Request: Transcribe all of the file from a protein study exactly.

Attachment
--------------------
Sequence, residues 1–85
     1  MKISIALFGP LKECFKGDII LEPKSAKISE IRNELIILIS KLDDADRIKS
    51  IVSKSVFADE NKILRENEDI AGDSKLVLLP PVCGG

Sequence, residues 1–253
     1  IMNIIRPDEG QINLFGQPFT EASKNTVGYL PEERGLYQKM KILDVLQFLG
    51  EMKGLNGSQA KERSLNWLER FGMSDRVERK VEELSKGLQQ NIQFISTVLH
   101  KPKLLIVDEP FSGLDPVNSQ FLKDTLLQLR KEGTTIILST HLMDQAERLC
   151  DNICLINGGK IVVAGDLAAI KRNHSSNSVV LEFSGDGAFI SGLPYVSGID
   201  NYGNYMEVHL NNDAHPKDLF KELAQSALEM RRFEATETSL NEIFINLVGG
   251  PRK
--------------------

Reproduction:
Sequence, residues 1–85
     1  MKISIALFGP LKECFKGDII LEPKSAKISE IRNELIILIS KLDDADRIKS
    51  IVSKSVFADE NKILRENEDI AGDSKLVLLP PVCGG

Sequence, residues 1–253
     1  IMNIIRPDEG QINLFGQPFT EASKNTVGYL PEERGLYQKM KILDVLQFLG
    51  EMKGLNGSQA KERSLNWLER FGMSDRVERK VEELSKGLQQ NIQFISTVLH
   101  KPKLLIVDEP FSGLDPVNSQ FLKDTLLQLR KEGTTIILST HLMDQAERLC
   151  DNICLINGGK IVVAGDLAAI KRNHSSNSVV LEFSGDGAFI SGLPYVSGID
   201  NYGNYMEVHL NNDAHPKDLF KELAQSALEM RRFEATETSL NEIFINLVGG
   251  PRK